2. Simmons next asserts that the trial court committed two errors in its instructions to the jury by failing to completely instruct the jury that a confession must be corroborated as required by OCGA § 24-8-823 and in instructing the jury on Simmons's flight.

Because Simmons did not preserve either claim for ordinary appellate review by objecting at trial, we review only for plain error. See Rawls v. State, 310 Ga. 209, 218 (4), 850 S.E.2d 90 (2020). The four prongs of the plain error analysis are set out in State v. Kelly, 290 Ga. 29, 33 (2) (a), 718 S.E.2d 232 (2011), as follows:

First, there must be an error or defect – some sort of deviation from a legal rule – that has not been intentionally relinquished or abandoned, i.e., affirmatively waived, by the appellant. Second, the legal error must be clear or obvious, rather than subject to reasonable dispute. Third, the error must have affected the appellant's substantial rights, which in the ordinary case means he must demonstrate that it affected the outcome of the trial court proceedings. Fourth and finally, if the above three prongs are satisfied, the appellate court has the discretion to remedy the error – discretion which ought to be exercised only if the error seriously affects the fairness, integrity or public reputation of judicial proceedings.

(Punctuation omitted; emphasis in original.) “The Court need not analyze all of the elements of the plain error test when the appellant fails to establish one of them.” Hill v. State, 310 Ga. 180, 194 (11) (a), 850 S.E.2d 110 (2020).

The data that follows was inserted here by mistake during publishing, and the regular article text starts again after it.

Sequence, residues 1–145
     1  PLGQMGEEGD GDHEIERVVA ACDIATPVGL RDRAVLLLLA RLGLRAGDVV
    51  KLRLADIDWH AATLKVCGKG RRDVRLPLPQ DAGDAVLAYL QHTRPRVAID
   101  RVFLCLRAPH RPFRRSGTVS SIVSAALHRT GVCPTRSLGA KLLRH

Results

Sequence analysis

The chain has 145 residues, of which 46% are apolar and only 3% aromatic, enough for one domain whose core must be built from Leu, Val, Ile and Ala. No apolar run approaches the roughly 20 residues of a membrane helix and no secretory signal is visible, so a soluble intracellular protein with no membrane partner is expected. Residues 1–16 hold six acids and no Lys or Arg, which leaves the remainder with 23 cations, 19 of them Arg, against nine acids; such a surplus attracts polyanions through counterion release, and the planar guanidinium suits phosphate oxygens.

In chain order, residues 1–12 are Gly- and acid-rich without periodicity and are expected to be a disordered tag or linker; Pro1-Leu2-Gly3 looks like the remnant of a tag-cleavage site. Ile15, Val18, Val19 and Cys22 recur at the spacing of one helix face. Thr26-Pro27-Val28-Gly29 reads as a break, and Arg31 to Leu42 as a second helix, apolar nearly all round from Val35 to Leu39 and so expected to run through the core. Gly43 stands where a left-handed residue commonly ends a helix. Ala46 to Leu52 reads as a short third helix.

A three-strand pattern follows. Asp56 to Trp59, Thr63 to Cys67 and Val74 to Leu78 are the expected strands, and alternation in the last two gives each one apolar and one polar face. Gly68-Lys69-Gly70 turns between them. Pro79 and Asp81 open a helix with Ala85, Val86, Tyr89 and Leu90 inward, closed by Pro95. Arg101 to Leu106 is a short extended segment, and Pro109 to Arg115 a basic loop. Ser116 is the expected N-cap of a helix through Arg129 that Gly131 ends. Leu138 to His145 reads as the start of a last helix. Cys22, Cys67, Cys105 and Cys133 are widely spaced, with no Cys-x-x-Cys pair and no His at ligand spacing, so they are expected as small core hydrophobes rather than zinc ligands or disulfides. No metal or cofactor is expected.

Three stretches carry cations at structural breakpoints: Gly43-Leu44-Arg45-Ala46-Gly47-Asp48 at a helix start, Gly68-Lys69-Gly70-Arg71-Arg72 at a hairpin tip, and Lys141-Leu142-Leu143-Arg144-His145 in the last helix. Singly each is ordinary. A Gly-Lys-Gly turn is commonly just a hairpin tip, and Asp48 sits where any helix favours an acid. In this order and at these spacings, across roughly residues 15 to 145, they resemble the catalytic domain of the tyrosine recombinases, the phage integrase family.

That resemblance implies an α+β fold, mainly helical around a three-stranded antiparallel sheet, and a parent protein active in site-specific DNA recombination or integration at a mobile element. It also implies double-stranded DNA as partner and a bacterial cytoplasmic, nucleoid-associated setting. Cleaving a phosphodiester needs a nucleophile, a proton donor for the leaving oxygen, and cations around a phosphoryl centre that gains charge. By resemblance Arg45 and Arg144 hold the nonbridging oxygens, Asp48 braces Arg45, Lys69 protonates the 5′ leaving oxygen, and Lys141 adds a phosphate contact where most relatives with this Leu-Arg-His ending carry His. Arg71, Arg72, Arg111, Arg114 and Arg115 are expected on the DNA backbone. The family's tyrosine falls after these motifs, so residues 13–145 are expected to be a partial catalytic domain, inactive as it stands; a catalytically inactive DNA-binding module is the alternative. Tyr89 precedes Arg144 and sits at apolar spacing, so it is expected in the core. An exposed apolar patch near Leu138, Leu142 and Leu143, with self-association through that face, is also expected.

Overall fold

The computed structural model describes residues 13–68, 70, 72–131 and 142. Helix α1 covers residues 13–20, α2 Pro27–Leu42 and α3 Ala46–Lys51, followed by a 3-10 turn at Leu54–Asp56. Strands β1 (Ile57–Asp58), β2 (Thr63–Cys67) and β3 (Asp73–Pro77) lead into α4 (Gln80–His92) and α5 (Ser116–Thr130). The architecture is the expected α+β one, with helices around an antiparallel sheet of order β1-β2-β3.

(a) Simmons first asserts that the trial court failed to instruct the jury completely on the principles codified in OCGA § 24-8-823 by not telling the jury that corroboration of the statements was “absolutely required” for conviction. We disagree.

OCGA § 24-8-823 provides that all admissions “shall be scanned with care,” and a “confession alone, uncorroborated by other evidence, shall not justify a conviction.” Simmons argues that the trial court did not adequately instruct the jury as to these principles and did not make it clear enough that a confession must be corroborated.

Simmons cannot show error, much less plain error. The trial court advised the jury that “a defendant's out-of-court statement that is not supported by any other evidence is not sufficient to justify conviction, even if you believe the unsupported statement” and that “if you find that there was a statement made by the defendant that was supported by other evidence, the degree of proof necessary to convict is that you be satisfied of the guilt of the defendant beyond any reasonable doubt.” This instruction came directly from Georgia's pattern jury instructions in effect at the time of Simmons's trial. See Suggested Pattern Jury Instructions, Vol. II: Criminal Cases (2017), § 1.32.70. Because Simmons has not pointed to any authority that these instructions did not adequately cover the principles that Simmons claims the trial court should have charged even if the corroboration requirement of OCGA § 24-8-823 were to apply to Simmons's statements,11 Simmons has failed to show that the trial court committed error that is clear or obvious under current law. See Ash v. State, 312 Ga. 771, 794-95 (5) (a), 865 S.E.2d 150 (2021) (Trial court's failure to give portion of pattern charge on confession-corroboration was not plain error because Ash “has pointed to no precedent holding that the omission of this sentence from the pattern instruction constitutes error under these circumstances.”).